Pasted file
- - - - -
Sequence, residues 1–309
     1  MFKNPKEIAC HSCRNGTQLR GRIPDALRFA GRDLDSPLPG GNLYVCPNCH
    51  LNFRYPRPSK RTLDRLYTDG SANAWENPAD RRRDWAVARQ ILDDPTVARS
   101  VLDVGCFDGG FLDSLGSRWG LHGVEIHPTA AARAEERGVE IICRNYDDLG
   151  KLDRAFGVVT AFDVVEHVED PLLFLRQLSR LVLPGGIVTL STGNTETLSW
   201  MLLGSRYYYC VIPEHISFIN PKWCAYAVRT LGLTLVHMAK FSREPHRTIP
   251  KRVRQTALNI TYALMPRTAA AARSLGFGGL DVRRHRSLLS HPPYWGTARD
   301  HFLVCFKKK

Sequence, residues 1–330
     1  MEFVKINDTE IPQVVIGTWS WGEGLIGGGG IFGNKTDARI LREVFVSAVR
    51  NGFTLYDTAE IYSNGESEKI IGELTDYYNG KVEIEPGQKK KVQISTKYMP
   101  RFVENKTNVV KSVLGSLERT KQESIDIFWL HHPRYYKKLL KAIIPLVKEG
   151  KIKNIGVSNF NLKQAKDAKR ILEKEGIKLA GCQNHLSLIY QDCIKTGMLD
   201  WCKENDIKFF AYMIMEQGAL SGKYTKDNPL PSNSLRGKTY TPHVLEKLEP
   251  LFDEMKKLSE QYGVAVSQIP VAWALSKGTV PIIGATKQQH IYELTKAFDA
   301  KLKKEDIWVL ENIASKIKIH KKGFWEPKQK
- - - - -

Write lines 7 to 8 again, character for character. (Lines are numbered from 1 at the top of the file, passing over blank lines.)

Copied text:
   251  KRVRQTALNI TYALMPRTAA AARSLGFGGL DVRRHRSLLS HPPYWGTARD
   301  HFLVCFKKK